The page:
This Is Not A Moment, It's The Movement

A young 20 something interested in a lot of things who likes to scream into the void about them constantly.


Bluebird is a 2013 film that was shown at the New York Film Critics Series at the AMC on 42 Street on Monday, February 16, 2014. The movie starts Amy Morton, of Chicago PD and John Slattery, of Mad Men. Bluebird was written and directed by Lance Edmands. After the showing of the movie Peter Travers of Rolling Stone sat down with the three of them to give a short interview. Edmands had a lot to say about how he created the movie and the world inside of it.


What is Bluebird about?

Bluebird to me was always about a very intimate way of dealing with grief. It’s about these people that are suffering separately. To me it’s about what they have to go through to reach out to each other and realize that to get through something like this they really need each other. It’s about people who are frozen and eventually fall out. It’s an internal movie. The things that are unsaid.


What was it that said I have to have these two actors?

I had this very specific woman in my mind that had to be incredibly sensitive and open. You needed to have an immediate sympathy or connection to her because she wasn’t going to speak a lot, it was all going to be very internal. The same with John, we talked about New England and what that means. There’s a very specific thing that I was trying to capture in New England. An almost puritanical work ethic, a certain distance, and I found that he really understood that


What was the hardest thing to shoot?

There’s a truck full of logs that tips over. We could only do that once for obvious reasons. We ruined the trailer, turned it into a corkscrew, and it took three hours to pick up all those logs off the ground. It had to be a blizzard. I was standing at the monitor, not breathing for two minutes waiting for that to happen. So for me it took a few years off my life, lack of oxygen. But, we got it and it’s crazy.


Having edited short films in the past, how did that prepare you for how to direct your first feature film?

We filmed this on 35 mm film. We were very methodical about how we shot it; we didn’t shoot a lot of coverage. A lot of scenes are one shot that we had planned out meticulously, and I had to know that those were going to fit together. I wasn’t going to be able to go crazy in the editing room with all my angels and remake the scene.


What might be your reaction to this film being atmosphere-centric?

To me the atmosphere and the world you create, that’s where my interests lie. I think the pace of this film is very true to the place and the cadences and the rhythms of this specific location. The film begins and ends with this paper mill which is the heartbeat of this town. You’re seeing the valves of the heart pumping the blood, which is the trees, and they go in one machine and come out as paper. I think that rhythmic cycle that’s established there is something that I really tried to maintain throughout the movie.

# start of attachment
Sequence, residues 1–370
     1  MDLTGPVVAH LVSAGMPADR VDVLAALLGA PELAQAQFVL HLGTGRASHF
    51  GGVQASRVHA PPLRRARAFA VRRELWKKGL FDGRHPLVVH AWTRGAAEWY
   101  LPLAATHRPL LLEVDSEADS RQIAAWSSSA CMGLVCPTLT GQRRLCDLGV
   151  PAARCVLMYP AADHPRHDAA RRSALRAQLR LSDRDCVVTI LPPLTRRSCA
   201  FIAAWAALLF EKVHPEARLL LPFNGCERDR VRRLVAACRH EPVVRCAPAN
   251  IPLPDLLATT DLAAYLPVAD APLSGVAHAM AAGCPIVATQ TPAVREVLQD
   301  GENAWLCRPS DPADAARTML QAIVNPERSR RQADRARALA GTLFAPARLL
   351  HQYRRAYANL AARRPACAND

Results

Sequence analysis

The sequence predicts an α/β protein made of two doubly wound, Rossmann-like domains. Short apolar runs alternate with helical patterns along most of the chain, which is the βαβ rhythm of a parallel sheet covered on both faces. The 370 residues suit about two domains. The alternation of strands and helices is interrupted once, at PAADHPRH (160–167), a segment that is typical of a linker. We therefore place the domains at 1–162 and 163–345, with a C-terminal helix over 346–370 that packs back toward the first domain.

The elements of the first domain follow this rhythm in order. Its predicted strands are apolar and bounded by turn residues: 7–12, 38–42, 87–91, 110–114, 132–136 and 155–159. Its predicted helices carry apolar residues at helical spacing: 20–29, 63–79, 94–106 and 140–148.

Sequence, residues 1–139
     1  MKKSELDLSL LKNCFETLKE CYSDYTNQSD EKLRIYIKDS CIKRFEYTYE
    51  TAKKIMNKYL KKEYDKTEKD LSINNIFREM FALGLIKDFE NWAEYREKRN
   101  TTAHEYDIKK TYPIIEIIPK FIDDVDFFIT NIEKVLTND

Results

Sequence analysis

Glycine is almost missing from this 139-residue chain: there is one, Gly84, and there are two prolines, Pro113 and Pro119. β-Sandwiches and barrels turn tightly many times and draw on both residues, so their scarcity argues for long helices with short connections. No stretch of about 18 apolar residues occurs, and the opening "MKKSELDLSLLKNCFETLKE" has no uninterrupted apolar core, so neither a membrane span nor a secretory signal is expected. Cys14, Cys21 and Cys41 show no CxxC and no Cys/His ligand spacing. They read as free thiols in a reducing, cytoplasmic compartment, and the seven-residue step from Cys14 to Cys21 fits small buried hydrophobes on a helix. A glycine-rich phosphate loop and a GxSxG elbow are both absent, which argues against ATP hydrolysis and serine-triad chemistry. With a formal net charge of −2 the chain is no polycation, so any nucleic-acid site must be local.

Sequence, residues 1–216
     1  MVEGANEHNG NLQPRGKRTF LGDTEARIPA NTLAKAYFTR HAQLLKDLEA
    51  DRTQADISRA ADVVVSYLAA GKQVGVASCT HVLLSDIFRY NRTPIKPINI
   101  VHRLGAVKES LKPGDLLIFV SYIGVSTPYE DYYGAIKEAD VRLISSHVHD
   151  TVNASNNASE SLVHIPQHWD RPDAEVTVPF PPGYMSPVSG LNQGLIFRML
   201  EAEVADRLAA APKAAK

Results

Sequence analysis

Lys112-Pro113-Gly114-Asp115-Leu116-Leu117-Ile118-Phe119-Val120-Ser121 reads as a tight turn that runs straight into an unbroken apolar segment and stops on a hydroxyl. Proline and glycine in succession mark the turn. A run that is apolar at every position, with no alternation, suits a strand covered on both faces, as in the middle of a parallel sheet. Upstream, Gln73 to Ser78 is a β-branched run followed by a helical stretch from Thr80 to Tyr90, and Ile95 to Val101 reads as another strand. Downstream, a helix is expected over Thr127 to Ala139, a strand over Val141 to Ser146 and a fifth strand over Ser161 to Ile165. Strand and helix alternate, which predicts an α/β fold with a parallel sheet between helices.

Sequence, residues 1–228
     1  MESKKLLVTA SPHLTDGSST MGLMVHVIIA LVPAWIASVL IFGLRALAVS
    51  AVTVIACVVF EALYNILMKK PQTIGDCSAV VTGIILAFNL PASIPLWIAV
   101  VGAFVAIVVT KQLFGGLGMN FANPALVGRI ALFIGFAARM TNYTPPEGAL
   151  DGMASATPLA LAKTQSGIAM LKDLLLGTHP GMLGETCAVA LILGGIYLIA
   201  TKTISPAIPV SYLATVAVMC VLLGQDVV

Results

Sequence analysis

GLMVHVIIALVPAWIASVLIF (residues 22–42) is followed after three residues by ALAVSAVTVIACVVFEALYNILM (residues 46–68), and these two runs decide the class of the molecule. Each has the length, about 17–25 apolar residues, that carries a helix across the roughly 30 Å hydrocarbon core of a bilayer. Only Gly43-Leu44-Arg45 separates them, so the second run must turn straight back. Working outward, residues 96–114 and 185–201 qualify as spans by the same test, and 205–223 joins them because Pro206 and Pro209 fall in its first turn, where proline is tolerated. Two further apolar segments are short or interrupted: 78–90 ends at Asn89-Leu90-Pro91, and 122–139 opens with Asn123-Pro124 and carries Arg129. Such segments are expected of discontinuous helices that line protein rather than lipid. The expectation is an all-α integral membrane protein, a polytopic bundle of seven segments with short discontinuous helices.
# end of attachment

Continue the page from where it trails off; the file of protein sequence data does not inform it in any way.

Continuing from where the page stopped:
Help Your Teammates

The sun is shining through the large windows of Raymond’s restaurant on Church Street in Montclair. It’s eleven thirty in the middle of Sunday brunch, their busiest time of the week. Servers, bussers, runners, hosts, and baristas are all scurrying around the restaurant trying to make sure that everyone is happy and satisfied with their drinks, meal, and time at the restaurant.

Charmaine Carosus, 33, of Fort Lee, is a petite Filipino woman. She stands just above 5’2, wearing a long colorful sweater over black leggings, her short brown hair pulled back in to a nub of a ponytail. She is the manager and overlooks everyone in the entire restaurant.

She smiles a toothy genuine smile to the customers that have no problem waiting forty five minutes for a table.

The restaurant is buzzing. Everyone’s conversations are bouncing off the walls and it makes it almost uncomfortable. However, this is nothing new to Carosus.

She seems to almost float about the restaurant, checking to see if meals are satisfactory, running drinks to tables, making sure the register has enough cash, making sure the kitchen is getting food out in a timely manner, and helping servers with their side work.

Carosus looks around the restaurant one more time before stepping into the back, where the bathrooms, back door, and door to downstairs are located.

“I always try to be happy and go lucky at work,” Carosus says, “I have an eye for detail and I am always happily in charge of the well being of my crew. If I’m negative, I know that it’ll affect everyone around me and I can’t have that. This place can be a hectic hot mess, but I have to keep a level head.”

Carosus likes to stay home and have friends over for dinner rather than going to a club.